Media Alert: What's next for Australia after Copenhagen?

Date: 23/12/2009

Following the recent United Nations Climate Change Conference the University of Western Sydney has a range of environmental law experts available for media comment about the consequences for Australia, its trading partners and the world's indigenous peoples.

Professor Steven Freeland, from the School of Law, says Australia is one of the heaviest greenhouse gas polluters in the world on a per capita basis and we thus have a responsibility to take the lead not only through diplomacy but also by tangible action.

"In this regard, it is somewhat disheartening that the Government's stated position is now that Australia will do 'no more and no less' than other countries," says Professor Freeland.

"The coming months will see further diplomatic wrangling leading up to the clarification of our (and the other industrialised countries') emissions targets by 31 January, 2010, and if the past 2 weeks are anything to go by, we should not set our expectations very high."

Professor Michael Jeffery, QC from the School of Law, shares the disappointment about the lack of meaningful and binding outcomes from COP15 but he is now more concerned about the Federal Government's determination to push through the Carbon Pollution Reduction Scheme.

"There is little doubt in my mind that the proposed CPRS for Australia would not achieve what most Australians want, namely, an effective environmental outcome," says Professor Jeffery, who formerly held the title of Deputy Chair of the International Union for Conservation of Nature (IUCN) Commission on Environmental Law.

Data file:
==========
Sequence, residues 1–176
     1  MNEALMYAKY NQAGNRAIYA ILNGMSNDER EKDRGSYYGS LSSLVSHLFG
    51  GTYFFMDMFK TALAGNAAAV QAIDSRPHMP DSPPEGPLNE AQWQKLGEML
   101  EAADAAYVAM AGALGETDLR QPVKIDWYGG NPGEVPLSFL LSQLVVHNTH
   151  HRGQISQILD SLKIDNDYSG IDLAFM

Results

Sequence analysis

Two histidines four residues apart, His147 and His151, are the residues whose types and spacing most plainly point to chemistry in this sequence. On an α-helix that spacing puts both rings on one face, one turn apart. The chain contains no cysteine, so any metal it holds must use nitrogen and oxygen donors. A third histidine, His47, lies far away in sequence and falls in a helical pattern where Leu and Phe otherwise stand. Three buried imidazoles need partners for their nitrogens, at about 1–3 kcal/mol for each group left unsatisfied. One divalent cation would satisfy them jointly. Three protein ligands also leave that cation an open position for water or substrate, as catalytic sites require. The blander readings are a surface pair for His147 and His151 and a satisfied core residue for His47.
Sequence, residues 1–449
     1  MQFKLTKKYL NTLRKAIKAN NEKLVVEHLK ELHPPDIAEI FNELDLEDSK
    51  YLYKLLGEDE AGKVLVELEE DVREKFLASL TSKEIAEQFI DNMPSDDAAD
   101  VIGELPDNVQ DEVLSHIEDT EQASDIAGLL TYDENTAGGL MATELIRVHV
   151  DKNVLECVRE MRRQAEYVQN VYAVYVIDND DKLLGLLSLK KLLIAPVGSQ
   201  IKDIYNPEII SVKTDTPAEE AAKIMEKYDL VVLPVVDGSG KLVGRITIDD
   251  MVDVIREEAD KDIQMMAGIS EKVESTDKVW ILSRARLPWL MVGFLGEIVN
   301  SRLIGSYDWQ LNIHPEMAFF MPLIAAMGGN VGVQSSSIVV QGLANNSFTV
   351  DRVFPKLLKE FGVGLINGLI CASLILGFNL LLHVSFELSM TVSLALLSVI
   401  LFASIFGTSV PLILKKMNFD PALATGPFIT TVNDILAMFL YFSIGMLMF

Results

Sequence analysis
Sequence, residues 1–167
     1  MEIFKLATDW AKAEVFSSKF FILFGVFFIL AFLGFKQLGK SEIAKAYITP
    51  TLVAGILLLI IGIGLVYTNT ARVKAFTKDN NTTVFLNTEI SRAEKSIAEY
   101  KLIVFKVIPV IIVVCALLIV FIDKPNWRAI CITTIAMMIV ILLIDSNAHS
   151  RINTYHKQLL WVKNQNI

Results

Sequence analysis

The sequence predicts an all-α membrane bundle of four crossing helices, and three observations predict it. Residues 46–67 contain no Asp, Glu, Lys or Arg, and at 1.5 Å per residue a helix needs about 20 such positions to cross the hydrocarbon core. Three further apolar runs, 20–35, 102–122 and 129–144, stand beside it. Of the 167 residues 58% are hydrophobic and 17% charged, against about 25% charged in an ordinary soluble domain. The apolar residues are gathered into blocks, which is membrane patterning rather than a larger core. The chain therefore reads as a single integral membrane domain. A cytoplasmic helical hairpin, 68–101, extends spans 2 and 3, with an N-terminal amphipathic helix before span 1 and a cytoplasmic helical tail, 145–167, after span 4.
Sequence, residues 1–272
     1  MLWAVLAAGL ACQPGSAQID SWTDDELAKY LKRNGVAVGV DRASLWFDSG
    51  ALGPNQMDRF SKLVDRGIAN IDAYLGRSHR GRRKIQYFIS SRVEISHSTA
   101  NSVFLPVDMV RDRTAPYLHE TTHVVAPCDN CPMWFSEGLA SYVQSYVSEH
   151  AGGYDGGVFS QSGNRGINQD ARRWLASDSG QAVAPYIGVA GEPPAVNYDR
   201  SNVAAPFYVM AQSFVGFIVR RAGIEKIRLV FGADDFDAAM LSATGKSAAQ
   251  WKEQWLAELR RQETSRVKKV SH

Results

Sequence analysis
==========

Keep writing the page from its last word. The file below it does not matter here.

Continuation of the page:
"Acceptance of the scheme will lock in for future generations to come the country's reliance on coal, natural gas and other heavy pollutants that have scientifically been proven to cause global warming."

Professor Donna Craig, from the UWS School of Law, is concerned about the rights of indigenous and vulnerable people as the world looks for international action to combat climate change after COP15.

"Despite the need to take immediate environmental action against climate change, it's the world's indigenous peoples that stand to lose the most from the effects of climate change as well as from mitigation and adaptation measures," says Professor Craig.

"As forests become higher valued resources, governments and corporations will drive out indigenous inhabitants that do not have access to land rights or tenure that other members of the community often have, leaving these important minority groups dispossessed."

For more information, please access a special Online Media Brief web page highlighting the views of UWS experts, including short videos, and details on UWS Climate Change research:



Senior Media Officer

Paul Grocott
02 9678 7083, 0406 429 304